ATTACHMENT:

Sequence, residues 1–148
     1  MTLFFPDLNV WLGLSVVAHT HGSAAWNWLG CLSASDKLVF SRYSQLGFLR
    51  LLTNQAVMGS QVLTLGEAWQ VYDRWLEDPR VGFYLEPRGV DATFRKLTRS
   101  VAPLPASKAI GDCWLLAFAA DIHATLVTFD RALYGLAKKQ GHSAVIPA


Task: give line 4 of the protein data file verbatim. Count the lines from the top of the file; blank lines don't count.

   101  VAPLPASKAI GDCWLLAFAA DIHATLVTFD RALYGLAKKQ GHSAVIPA